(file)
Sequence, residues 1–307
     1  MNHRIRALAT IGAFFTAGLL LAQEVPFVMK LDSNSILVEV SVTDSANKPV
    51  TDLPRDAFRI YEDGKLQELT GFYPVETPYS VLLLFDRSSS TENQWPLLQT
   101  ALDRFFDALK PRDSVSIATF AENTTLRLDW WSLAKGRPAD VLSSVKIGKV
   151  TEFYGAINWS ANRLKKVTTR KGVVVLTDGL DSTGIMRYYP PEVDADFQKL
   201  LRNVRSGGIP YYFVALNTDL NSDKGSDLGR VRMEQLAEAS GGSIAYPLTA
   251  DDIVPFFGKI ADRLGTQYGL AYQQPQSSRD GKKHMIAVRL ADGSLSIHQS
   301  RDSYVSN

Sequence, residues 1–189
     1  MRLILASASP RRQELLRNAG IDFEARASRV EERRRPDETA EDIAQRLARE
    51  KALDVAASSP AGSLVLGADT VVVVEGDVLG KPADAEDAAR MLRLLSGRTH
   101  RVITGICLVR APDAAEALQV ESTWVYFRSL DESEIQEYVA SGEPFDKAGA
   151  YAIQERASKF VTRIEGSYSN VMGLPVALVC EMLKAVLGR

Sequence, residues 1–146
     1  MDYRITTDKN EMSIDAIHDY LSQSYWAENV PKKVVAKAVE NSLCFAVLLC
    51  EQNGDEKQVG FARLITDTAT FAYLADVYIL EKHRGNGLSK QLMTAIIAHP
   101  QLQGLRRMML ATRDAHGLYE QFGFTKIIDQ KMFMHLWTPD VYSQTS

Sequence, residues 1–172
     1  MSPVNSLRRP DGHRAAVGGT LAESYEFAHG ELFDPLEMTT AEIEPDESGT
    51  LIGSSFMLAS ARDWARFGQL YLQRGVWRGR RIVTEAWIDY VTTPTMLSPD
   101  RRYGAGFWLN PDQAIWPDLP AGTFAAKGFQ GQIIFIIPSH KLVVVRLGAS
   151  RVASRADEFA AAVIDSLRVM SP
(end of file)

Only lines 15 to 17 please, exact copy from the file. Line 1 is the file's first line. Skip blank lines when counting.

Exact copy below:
     1  MDYRITTDKN EMSIDAIHDY LSQSYWAENV PKKVVAKAVE NSLCFAVLLC
    51  EQNGDEKQVG FARLITDTAT FAYLADVYIL EKHRGNGLSK QLMTAIIAHP
   101  QLQGLRRMML ATRDAHGLYE QFGFTKIIDQ KMFMHLWTPD VYSQTS